My Kind of Country

Country music from a fan's point of view since 2008

Album Review: Vince Gill & Paul Franklin – ‘Bakersfield’

BakersfieldIn recent years, covers and tributes albums have been a dime a dozen; it seems that nearly every artist past his or her commercial peak has released a collection of songs that he/she grew up listening to. Bakersfield, the recently released effort from Vince Gill and steel guitar virtuoso Paul Franklin, takes a different approach; instead of paying tribute to a particular artist or compiling their favorite songs, they opted to pay homage to a specific sub-genre of country music: the Bakersfield Sound, which emerged in California in the late 1950s, in response to the increasingly crossover-oriented countrypolitan music being made in Nashville at the time.

The two most successful and well-known Bakersfield artists were Buck Owens and Merle Haggard, and it is from their catalogs that the material on Bakersfield is culled. Although some of Buck’s and Merle’s big hits are represented here, Gill and Franklin, who produced the project themselves, also delved deeper into the two legends’ discographies and included some lesser known gems.

There isn’t a Vince Gill album that I don’t own, so from the time that this project was announced it was a must-have for me. Paul Franklin’s participation was a bonus, as it ensured that the album would include a generous amount of pedal steel guitar, arguably the most important instrument in country music, and one that is criminally underrepresented on most contemporary country recordings.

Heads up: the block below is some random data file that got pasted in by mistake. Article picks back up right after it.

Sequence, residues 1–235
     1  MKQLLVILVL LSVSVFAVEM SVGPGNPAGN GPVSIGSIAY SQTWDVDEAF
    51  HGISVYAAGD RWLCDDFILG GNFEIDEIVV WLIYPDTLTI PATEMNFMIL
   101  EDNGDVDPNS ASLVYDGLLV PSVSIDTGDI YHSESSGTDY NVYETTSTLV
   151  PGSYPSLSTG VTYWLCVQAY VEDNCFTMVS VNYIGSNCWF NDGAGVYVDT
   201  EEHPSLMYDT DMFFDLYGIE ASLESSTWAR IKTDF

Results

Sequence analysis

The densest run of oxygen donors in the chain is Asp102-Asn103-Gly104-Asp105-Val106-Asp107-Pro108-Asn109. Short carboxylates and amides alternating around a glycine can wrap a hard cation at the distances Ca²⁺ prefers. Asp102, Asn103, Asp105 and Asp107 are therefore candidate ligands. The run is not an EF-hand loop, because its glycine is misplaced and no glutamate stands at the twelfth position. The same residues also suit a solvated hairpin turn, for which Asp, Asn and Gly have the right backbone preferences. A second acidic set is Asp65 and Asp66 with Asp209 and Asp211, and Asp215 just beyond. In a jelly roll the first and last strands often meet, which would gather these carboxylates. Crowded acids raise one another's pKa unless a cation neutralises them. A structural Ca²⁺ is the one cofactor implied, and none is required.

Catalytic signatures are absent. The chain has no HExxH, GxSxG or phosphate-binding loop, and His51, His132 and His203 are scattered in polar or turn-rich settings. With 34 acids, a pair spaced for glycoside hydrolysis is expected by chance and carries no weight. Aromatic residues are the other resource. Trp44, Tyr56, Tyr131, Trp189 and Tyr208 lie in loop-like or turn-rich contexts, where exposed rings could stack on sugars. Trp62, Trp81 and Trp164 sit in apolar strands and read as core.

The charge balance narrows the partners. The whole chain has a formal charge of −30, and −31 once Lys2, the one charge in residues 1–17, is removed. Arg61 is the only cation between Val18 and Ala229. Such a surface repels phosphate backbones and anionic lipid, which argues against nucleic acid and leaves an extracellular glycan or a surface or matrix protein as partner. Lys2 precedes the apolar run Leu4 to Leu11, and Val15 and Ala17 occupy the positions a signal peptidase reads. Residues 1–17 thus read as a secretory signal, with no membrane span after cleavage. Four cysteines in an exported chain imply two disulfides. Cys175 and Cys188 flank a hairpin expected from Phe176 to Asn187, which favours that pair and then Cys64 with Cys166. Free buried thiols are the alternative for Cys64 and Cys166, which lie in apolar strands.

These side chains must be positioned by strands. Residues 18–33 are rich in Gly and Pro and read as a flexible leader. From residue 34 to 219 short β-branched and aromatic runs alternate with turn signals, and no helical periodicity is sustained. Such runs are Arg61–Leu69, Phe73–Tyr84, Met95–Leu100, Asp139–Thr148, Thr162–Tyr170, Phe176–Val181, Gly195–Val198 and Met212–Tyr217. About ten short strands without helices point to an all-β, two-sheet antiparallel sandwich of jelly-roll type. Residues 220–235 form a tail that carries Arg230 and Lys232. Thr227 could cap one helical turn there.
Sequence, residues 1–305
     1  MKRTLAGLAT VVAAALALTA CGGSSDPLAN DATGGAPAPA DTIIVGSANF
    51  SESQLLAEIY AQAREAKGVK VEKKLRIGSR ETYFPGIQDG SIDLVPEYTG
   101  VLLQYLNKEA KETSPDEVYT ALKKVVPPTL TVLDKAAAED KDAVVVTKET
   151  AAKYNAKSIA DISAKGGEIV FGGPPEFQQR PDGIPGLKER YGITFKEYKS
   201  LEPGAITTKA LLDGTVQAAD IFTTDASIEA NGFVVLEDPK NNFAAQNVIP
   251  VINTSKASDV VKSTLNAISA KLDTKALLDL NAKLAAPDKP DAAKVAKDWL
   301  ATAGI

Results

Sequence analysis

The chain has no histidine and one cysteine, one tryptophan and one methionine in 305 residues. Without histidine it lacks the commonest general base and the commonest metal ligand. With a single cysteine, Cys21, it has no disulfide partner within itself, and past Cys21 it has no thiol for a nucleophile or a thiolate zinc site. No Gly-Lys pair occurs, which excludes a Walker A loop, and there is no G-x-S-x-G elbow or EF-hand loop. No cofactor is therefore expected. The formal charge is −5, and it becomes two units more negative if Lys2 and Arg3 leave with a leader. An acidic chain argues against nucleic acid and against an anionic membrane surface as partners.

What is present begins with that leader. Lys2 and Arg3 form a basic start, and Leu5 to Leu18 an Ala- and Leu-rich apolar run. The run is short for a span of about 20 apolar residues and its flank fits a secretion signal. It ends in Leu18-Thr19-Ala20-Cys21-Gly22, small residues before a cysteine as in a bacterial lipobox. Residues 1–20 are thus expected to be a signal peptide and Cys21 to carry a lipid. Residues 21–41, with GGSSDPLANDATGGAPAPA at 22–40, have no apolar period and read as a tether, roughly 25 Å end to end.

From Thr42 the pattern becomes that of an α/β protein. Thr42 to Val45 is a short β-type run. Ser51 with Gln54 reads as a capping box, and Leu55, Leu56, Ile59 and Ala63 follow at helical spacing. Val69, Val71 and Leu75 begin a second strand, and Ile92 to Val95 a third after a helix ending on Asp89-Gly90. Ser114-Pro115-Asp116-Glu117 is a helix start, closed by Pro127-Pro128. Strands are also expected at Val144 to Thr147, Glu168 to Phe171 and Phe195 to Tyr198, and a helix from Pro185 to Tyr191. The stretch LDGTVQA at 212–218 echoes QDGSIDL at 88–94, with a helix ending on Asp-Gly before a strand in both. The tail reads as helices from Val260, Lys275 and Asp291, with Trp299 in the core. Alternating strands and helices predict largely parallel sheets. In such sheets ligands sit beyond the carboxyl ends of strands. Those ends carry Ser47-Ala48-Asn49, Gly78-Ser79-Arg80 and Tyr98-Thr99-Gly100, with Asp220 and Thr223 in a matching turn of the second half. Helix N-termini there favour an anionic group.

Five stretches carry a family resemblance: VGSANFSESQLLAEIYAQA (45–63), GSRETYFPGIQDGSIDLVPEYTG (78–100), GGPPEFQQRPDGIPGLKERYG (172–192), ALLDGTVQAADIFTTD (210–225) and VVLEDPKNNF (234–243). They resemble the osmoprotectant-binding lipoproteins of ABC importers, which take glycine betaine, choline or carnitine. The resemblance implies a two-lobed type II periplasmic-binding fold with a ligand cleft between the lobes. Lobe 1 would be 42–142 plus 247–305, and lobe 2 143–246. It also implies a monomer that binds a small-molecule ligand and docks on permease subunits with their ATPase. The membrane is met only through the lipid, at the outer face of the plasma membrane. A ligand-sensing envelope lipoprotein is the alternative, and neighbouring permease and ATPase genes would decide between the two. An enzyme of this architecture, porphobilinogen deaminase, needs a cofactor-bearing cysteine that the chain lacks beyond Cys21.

Although I did initially have some reservations that Vince could do justice to some of the Haggard tunes, he rises to the occasion most of the time. Both “Branded Man” and “The Bottle Let Me Down” are performed beautifully with the wonderful Dawn Sears taking over harmony duties from Bonnie Owens. However, “The Fightin’ Side Of Me”, while good, doesn’t pack the same punch as Merle’s original 1969 version. I’m not as intimately familiar with the Buck Owens material, so I’m inclined to slightly favor the ones that are newer to me, namely “But I Do” and “Nobody’s Fool But Yours”.

I can find no fault with the material or how it is performed; these recordings are impeccably performed and are a reminder of what country music once was and what it ought to be. The album falls short only in what it does not provide — namely, more music. It contains a mere ten tracks and clocks in at just under 37 minutes. I wish that it contained a few more tracks, and that Gill and Franklin had seen fit to include a few songs from other Bakersfield artists. It’s inevitable that Owens and Haggard will dominate a project like this one, but it would have been nice to have heard a Wynn Stewart, Tommy Collins or Maddox Brothers and Rose song or two. Let’s hope that a second volume is in the works to rectify these omissions.

It goes without saying that Bakersfield will receive no support from country radio, but it is worthy of a Grammy nomination and I hope that it sells respectably and gets the critical acclaim that it so richly deserves.

Grade: A+

One response to “Album Review: Vince Gill & Paul Franklin – ‘Bakersfield’

  1. Pingback: Occasional Hope’s top 10 albums of 2013 | My Kind of Country

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